24 Sep Slight Pickup in House Price Growth in August
The arrival of August doesn’t usually bring bright prospects for the housing market, with buyers and agents alike packing their bags for their yearly holidays, and families pre-occupied with summer activities. This year, however, saw an unexpected growth in housing prices.
A 0.6% rise in prices since July was a welcome sight to many, being an even bigger increase than the previous months’ of 0.5%. This brought the average housing price from £205,715 in July to £206,145 in August. This, compared to last year’s average of £195,279 in the same month, is a hopeful sight that the market is moving steadily in the right direction.
However, this increase is contradictory to reports of a slowing of pace within the housing market over the past few months.
Nationwide’s Chief Economist, Robert Gardner, claimed that ‘New buyer enquiries have softened’ due to the after-effects of the EU referendum, and also the additional stamp duty put in place in August. This is the fourth consecutive month that there have been reports of falls in new buyer enquiries.
This may appear confusing; why would house prices be rising if the market is slowing? Gardner goes on to explain that there may be a link between supply and demand.
‘The decline in demand appears to have been matched by weakness on the supply side of the market. Surveyors report that instructions to sell have also declined and the stock of properties on the market remains close to thirty-year lows. This helps to explain why the pace of house price growth has remained broadly stable.’
Whilst the initial appearance of August’s flourishing housing market may be a sign of good things to come, it’s clear that it’s not as simple as that. The market balances precariously on a knife edge, dependant on a number of factors to keep it steady.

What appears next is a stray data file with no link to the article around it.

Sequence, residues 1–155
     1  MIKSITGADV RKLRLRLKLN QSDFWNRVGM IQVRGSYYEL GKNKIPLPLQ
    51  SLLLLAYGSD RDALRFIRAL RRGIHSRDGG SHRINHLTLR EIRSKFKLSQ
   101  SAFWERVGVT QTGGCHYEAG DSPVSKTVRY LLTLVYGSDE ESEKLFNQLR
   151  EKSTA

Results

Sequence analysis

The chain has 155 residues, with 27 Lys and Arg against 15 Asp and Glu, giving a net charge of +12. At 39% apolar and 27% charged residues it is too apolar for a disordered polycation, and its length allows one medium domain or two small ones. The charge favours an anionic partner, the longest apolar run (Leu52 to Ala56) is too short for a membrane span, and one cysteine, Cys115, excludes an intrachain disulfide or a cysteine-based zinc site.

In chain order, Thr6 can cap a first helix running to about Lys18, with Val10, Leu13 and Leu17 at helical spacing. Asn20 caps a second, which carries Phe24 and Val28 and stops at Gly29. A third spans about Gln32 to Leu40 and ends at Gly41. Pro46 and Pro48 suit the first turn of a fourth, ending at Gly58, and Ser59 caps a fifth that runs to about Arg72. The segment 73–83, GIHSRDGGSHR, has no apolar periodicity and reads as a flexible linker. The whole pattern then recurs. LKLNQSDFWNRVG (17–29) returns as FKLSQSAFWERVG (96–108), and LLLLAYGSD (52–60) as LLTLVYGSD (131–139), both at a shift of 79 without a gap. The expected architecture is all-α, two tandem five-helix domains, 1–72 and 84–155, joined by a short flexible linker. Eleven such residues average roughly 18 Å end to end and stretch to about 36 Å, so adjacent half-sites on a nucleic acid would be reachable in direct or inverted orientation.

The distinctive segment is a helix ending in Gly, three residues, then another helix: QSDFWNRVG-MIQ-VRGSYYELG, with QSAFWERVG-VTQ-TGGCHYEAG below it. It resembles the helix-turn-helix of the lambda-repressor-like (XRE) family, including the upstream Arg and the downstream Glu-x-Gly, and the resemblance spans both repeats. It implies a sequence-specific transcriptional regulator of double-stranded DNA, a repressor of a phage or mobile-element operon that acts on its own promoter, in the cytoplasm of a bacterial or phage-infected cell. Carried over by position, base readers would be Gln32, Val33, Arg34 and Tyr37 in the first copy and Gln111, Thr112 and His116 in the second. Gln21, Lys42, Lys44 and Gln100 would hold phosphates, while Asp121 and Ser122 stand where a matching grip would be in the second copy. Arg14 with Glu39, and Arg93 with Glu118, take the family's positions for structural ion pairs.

On the positive side, unemployment rates are still staying relatively low in comparison to recent years, and retail sales are thriving, increasing on the year before by 6% in July. These are factors that show a somewhat recovering economy and hint at a good future for the housing market.
On the other hand, July also saw a slow in the construction, services and manufacturing sectors. This is likely to hit hard on the labour market and household confidence if it continues, which could be a blow to the housing market.
The overall growth of the economy is expected to be very little throughout the remainder of the year, which again would not be hugely beneficial to the housing market. Due to this, the Bank of England’s Monetary Policy Committee (MPC) began an attempt to support the economy and housing prices at the beginning of August.
‘The MPC’s decision to lower UK interest rates from 0.5% to a new low of 0.25% will provide an immediate benefit to many mortgage borrowers,’ Gardener goes on to explain.
Though for many the benefit of this lowered rate will be small, it will certainly help to stabilise the position of both the economy and housing market.